This is part two of an article about the Supreme Court’s 2019 decision in Apple v. Pepper, the classic antitrust cases of Illinois Brick and Hanover Shoe, indirect purchaser lawsuits, and state antitrust claims. If you haven’t read that article, you should because it provides the background for this article. We described how the US Supreme Court decided to deal with the issue of both direct purchasers and indirect purchasers wanting damages for alleged antitrust violations. The Supreme Court first prohibited defendants from raising the defense that direct purchasers “passed-on” any damages to indirect purchasers (Hanover Shoe). Later, the Supreme Court prohibited indirect purchasers from seeking damages for federal antitrust claims (Illinois Brick). When the indirect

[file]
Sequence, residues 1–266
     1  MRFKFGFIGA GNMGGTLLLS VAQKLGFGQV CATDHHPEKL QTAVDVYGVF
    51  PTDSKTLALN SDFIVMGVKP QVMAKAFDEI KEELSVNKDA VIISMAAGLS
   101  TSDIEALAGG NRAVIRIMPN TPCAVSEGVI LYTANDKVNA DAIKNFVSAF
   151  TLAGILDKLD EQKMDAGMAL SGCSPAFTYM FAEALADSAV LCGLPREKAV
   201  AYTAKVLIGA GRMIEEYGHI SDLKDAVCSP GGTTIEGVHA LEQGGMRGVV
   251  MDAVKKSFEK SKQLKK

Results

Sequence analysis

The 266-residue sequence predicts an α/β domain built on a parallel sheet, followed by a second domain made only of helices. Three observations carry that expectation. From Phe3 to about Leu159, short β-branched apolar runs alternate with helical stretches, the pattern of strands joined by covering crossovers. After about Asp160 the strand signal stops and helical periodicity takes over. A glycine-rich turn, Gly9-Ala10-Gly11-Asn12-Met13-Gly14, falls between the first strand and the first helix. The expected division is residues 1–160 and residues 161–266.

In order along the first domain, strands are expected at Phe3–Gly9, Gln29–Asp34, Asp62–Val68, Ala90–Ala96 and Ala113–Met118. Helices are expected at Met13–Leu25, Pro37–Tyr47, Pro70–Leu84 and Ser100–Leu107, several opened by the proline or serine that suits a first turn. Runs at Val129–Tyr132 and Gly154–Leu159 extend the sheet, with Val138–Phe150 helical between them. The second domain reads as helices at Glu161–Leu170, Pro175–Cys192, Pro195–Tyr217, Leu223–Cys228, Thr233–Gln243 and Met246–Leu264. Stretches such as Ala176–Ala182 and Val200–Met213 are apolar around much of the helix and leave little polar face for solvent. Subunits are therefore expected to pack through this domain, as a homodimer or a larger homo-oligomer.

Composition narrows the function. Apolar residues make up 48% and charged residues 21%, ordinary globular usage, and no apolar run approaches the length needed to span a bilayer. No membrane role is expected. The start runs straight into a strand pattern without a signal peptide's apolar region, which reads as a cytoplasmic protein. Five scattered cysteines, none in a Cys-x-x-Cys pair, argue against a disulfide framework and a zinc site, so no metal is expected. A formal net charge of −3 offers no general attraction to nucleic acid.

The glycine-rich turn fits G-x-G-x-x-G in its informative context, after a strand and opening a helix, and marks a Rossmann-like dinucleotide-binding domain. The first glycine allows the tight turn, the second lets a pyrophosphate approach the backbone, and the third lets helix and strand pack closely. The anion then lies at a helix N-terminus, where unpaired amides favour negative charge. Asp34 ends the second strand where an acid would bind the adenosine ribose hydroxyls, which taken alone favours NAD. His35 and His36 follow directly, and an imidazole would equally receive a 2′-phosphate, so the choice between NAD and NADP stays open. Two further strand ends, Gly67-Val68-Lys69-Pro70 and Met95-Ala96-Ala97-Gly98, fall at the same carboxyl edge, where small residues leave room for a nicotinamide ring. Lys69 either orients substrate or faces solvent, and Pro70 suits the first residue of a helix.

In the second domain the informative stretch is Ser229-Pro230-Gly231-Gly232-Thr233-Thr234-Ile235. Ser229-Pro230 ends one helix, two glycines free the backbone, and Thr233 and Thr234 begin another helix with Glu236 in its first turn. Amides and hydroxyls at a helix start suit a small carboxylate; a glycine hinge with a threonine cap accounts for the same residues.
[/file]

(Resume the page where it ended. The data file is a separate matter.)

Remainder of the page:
The US Supreme Court holds that App store consumers are direct purchasers of the Big Tech company and are thus not precluded from suing for damages under federal antitrust law (Apple / Pepper)
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